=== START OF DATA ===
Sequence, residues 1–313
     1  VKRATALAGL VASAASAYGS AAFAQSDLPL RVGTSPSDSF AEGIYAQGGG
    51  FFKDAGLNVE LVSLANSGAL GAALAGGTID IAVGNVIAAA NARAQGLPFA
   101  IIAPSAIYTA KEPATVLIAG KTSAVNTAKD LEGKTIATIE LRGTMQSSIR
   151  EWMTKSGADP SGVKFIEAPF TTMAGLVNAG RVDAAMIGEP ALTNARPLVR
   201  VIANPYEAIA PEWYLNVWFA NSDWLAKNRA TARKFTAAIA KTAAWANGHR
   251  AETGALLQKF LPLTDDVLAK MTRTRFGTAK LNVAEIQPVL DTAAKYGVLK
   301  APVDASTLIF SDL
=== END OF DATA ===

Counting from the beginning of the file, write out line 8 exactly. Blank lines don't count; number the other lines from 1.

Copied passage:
   301  APVDASTLIF SDL